Research says New York waters may be an important, additional feeding area for large whales

Wildlife Conservation Society

NEW YORK (September 23, 2021) – A new study finds that that some large whale species (humpback, fin and minke whales) use the waters off New York and New Jersey as a supplemental feeding area feasting on two different types of prey species.

Publishing their results in the journal Marine Biology Research, a team of scientists from the Wildlife Conservation Society (WCS) and Columbia University describe the New York Bight (NYB) – the area of water from Montauk Point, New York to Cape May, New Jersey – as an important supplemental feeding ground for several whale species gorging on locally abundant prey fish.

From their boat surveys, the team studied three species of baleen whales: humpback (Megaptera novaeangliae), fin (Balaenoptera physalus), and minke (Balaenoptera acutorostrata). They found that large, mixed-species groups – often including all three whale species, common dolphins (Delphinus delphis), and various seabirds – gathered in certain areas mid-shelf (6.2 – 37.2 miles from shore) to feed on schools of sand lance (Ammodytes spp.), a slender species of baitfish. In nearshore waters less than 6.2 miles from shore, whales were more scattered and fed mostly on schools of Atlantic menhaden (Brevoortia tyrannus), a larger, oily species.

Use of the NYB as a feeding area for some of these whale populations may be evolving with time as unprecedented and ongoing climate-driven shifts in ocean temperatures, currents, and salinity in the Northwest Atlantic drive shifts in whale distribution within other documented feeding areas in adjacent regions.

Said one of the study’s co-lead authors, Carissa King of WCS’s Ocean Giants Program: “There is a lot of excitement about seeing whales in the waters off New York, and we often don’t get to highlight what they are doing here. Considering the high prevalence of foraging behavior documented in the study, it is more likely that changing prey availability and/or oceanographic conditions have led to some recent shifts in whale distribution and greater habitat utilization in coastal waters of the New York Bight.”

Foraging was the primary behavior documented, though resting, traveling, and socializing behaviors were also observed including instances of competitive group behavior for humpback and fin whales, behaviors that typically associated with breeding areas.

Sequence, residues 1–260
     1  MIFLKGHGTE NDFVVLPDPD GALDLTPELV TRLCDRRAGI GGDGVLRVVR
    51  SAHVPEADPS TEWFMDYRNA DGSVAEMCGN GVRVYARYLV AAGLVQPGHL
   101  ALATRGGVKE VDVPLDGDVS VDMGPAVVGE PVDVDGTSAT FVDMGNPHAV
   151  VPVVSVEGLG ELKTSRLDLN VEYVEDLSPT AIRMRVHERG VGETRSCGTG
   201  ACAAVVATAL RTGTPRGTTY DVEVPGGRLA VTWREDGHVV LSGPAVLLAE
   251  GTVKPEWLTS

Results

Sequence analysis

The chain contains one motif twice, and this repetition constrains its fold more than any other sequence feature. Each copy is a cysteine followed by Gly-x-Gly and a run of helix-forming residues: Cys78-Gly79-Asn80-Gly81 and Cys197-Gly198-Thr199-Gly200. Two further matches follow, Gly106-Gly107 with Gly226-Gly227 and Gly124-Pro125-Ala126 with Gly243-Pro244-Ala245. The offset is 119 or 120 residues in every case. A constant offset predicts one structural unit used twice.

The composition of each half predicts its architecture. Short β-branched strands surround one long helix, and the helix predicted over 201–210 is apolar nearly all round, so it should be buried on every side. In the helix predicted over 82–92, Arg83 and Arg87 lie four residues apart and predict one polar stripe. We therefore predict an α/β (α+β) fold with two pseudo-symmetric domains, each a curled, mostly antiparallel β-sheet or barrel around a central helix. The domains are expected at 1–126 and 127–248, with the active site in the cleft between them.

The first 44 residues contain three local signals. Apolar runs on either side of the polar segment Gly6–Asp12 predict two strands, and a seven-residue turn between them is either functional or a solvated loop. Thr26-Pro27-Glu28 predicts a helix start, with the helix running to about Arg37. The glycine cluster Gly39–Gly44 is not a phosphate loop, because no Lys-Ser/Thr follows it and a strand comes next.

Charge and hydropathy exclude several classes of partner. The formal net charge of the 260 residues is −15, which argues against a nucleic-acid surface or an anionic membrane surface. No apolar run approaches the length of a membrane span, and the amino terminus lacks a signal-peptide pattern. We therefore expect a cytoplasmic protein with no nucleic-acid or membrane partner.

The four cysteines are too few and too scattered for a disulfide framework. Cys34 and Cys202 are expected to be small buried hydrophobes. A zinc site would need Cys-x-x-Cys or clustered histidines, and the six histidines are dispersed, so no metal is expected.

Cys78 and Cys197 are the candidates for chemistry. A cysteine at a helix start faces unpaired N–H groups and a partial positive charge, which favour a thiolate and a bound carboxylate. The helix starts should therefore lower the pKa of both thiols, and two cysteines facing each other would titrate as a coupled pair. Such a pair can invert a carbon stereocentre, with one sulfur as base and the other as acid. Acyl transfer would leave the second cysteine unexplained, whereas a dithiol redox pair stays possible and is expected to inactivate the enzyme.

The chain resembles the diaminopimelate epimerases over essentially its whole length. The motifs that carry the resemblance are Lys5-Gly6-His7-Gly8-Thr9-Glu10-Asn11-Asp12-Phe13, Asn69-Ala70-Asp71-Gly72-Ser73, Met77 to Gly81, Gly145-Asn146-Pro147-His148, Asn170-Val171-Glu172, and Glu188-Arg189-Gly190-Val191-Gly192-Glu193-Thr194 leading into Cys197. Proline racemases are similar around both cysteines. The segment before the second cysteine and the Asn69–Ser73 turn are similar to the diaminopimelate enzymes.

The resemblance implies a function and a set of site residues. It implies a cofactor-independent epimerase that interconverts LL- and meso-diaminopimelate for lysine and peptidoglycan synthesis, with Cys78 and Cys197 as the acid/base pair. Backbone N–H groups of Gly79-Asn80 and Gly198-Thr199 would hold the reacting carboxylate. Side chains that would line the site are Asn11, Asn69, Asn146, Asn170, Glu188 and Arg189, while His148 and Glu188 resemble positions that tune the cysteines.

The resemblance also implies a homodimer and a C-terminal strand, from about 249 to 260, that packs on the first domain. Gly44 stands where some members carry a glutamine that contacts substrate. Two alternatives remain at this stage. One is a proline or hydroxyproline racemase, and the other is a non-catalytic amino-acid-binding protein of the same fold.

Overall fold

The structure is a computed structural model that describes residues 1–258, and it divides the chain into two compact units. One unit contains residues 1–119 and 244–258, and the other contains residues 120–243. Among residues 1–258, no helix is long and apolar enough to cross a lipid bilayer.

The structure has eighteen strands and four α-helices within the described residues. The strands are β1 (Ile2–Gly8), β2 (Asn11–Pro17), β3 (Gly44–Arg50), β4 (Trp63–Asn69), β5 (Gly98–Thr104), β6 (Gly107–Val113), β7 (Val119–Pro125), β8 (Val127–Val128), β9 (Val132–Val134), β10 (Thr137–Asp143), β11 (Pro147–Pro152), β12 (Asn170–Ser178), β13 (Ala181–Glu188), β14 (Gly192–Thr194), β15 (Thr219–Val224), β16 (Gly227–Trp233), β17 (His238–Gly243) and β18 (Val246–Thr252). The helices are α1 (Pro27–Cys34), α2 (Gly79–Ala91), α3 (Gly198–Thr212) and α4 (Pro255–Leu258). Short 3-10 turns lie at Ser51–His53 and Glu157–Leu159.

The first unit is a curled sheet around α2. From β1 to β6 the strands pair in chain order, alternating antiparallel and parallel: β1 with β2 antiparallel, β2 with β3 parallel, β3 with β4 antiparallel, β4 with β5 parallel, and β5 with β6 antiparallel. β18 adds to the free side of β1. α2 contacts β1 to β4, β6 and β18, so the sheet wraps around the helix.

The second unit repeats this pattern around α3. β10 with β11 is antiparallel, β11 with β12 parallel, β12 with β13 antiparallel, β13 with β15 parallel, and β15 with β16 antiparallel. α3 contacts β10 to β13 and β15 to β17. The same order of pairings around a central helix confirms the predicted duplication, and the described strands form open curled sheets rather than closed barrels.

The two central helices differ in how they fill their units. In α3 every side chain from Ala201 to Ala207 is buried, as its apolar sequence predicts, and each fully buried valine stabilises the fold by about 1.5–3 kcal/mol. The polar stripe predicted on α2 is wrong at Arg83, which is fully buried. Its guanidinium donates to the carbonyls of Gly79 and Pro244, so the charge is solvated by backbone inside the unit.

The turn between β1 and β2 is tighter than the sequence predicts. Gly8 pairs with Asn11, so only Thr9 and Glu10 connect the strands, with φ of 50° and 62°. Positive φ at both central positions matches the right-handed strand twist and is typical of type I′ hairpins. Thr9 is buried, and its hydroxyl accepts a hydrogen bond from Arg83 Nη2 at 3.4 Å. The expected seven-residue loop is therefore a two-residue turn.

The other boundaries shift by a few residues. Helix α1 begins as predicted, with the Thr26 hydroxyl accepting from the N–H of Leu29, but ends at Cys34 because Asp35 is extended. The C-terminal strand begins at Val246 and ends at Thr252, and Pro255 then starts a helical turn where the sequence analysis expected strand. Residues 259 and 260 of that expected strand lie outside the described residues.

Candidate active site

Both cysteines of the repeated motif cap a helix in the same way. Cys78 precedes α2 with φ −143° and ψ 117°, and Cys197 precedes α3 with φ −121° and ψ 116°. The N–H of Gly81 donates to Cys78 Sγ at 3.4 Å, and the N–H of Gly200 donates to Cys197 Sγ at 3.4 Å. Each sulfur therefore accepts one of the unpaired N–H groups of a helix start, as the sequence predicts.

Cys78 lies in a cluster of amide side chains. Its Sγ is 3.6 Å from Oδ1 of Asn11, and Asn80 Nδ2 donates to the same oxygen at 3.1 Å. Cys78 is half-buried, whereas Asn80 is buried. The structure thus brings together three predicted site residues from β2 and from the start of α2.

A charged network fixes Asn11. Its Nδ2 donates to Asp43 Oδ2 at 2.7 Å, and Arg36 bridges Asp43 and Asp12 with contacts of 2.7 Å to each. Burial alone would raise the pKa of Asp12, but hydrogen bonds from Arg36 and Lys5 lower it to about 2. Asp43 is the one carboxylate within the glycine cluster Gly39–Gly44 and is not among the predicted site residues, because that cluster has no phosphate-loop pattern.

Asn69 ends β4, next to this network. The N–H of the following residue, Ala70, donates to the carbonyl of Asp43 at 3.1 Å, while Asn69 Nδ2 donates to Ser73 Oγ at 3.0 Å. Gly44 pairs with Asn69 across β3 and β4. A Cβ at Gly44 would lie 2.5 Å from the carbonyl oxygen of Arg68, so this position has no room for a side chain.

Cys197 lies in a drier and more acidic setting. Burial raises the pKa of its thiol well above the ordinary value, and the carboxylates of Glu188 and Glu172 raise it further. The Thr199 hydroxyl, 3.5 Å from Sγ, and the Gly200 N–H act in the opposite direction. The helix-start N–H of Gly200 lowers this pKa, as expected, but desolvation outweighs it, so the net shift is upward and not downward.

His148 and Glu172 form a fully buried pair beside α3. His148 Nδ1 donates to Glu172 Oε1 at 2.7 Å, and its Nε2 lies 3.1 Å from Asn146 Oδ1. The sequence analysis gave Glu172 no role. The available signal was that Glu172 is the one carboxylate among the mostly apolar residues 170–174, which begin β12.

The scientists noted that whales were often observed feeding around shipping lanes and in areas of high recreational boating activity. Of particular concern is the potential for vessel strikes – one of the main causes of injury or death for humpback, fin, and minke whales along the U.S. East Coast. During this study, a number of humpback and fin whales were observed with evidence of a previous vessel strike, such as healing or healed boat propeller wounds, missing dorsal fin, or missing part of its flukes (tail). In one particular instance, the center of the wounded area on an individual humpback whale’s fluke was still raw indicating it was a relatively recent injury. In addition to vessel strikes, potential impacts from vessels include behavioral disturbance, physiological impacts, and injury from exposure to increased noise levels, which could impact feeding and other whale behaviors.

The authors say the results of the study can help inform management decisions to balance the needs of whales and other wildlife with various ocean resource users and other human activities in the region.

Said Dr. Howard C. Rosenbaum, Director of WCS’s Ocean Giants Program and a co-author of the study: “The extent that we have seen whales and other marine life feeding in the New York Bight are truly amazing wildlife spectacles that need better protection. This new information is particularly important given the current and potential pressures facing whales within the New York Bight. Hopefully our data now illustrate the need for better practices and effective mitigation in this urbanized region.”

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